Bory Tucholskie National Park

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Biuletyn Informacji Publicznej
Fundusze Europejskie

The flora of the Park

The flora of the “Bory Tucholskie” National Park has been determined by its soil and climatic conditions. In spite of a small area of the Park, scarcely diversified, poor and acid habitats, the flora of lichens, mosses, fungi and vascular plants is relatively rich. The flora of mosses accounts for approximately 22 % of the bryoflora of Poland, the flora of liverworts accounts for approximately 12 % of hepaticoflora of Poland, the flora of lichens constitutes 15 % of the lichenoflora of Poland, and the flora of vascular plants constitutes some 33 % of the lowerland flora and some 40 % of the Westpomeranian region flora.

The species of mosses and liverworts are dominated mainly by forest species and peat-bog species. We encounter them on the soil, rocks, trees both living and dead ones as well as in water. We may find here also relict species of glacial periods, such as

  • the tufted fen-moss Paludella squarrosa,

or forest relicts

  • Ulota crispa (moss),
  • Bazzania trilobata (liverwort).

Habitats of endangered species are extremely valuable. They include, among others,

  • the bog notchwort Clapodiella fluitans(liverwort),
  • the undulate dicranum moss Dicranum undulatum,
  • Hygroamblystegium tenax,
  • the rusty bog moss Sphagnum fuscum,
  • Sphagnum papillosum.

As far as the flora of fungi is concerned we still know little about this world. So far 483 species of macroscopic fungi have been identified (the status as of 2012.). Such list includes both popular as well as rare and endangered species

  • the forest lamb mushroom Albatrellus ovinus,
  • Lycioperdon ericaeum

as well as protected species like

  • the shingled hedgehog Sarcodon imbricatus,
  • the cauliflower fungus (until recently called: szmaciak gałęzisty in Polish ) Sparassis crispa.

Due to environmental preferences we encounter fungi on the soil, trees (parasitical fungi and saprotrophs) as well as so called mulch fungi (saprotrophs decomposing organic remains in the mulch layer). A very important role is played by all those fungi mycorrhizing both with trees as well as other plants. The occurrence of mycorrhizing fungi, and in particular their increasing number, confirm the healthiness of the Park forests.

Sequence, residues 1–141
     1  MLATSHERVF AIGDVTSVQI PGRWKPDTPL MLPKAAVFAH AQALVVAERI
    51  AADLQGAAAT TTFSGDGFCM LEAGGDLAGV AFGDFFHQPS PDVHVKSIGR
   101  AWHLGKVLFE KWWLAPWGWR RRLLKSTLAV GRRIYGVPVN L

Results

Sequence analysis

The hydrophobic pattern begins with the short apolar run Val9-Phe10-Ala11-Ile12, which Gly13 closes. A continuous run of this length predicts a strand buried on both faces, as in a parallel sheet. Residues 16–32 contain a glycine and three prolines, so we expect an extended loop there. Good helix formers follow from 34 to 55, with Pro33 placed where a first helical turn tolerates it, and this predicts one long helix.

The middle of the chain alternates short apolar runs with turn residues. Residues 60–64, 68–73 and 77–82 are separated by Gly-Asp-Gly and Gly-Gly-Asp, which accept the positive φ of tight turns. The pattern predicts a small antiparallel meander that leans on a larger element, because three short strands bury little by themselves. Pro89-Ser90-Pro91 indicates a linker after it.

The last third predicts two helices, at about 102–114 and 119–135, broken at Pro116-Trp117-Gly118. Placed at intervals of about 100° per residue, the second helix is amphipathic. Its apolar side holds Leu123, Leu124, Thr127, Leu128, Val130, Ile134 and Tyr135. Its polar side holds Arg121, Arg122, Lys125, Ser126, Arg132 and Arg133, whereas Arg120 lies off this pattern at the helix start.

Additionally, it is worth to mention underground fungi including one of the most popular fungus in the “Bory Tucholskie” National Park – the false truffle Elaphomyces granulatus.

Also the world of lichens of the “Bory Tucholskie” National Park is extraordinary. A considerable majority of them appears in forest areas. The above mentioned refers both to soil, tree and rock species. Obviously, the most common of them include cladonia, however, even among them we encounter extremely rare and interesting species such as the alpine cladonia Cladonia stellaris. Endangered species include Bryoria - B. implex, B. Vrangiana.

The flora of vascular plants is exceptional for its considerable number of species unique in Poland. Numerous relict species, that is species typical for the past climatic epochs with typical for the phytocenoses. The oldest components of the flora of the Park include glacial relicts, with arctic-alpine, boreal-alpine and boreal ranges, namely:

  • the marsh labrador tea Ledum palustre,
  • the black crowberry Empetrum nigrum,
  • the twinflower Linnaea borealis,
  • the slimstem reedgrass Calamagrostis stricta.

The species composition if vascular plants of the “Bory Tucholskie” National Park covers also a considerably numerous group of species with Central – European and Atlantic ranges, including species occurring in lobelia lakes:

  • the Dortmann'S cardinalflower Lobelia dortmanna,
  • the lake quillwort Isoëtes lacustris,
  • the alternate water-milfoil Myriophyllum alternifolium,
  • the floating water-plantain Luronium natans,
  • the narrowleaf bur-reed Sparganium angustifolium.

The unique character of this area may be confirmed by a relatively considerable number of protected species and plants categorized as endangered, listed on the “Red list of endangered vascular plants in Poland” and in “Polish Red Book of Plants”.
The most interesting species include, among others:

  • Drosera rotundifolia, D. intermedia, D. anglica,
  • Lycopodium, Diphasiastrum,
  • Utricularia.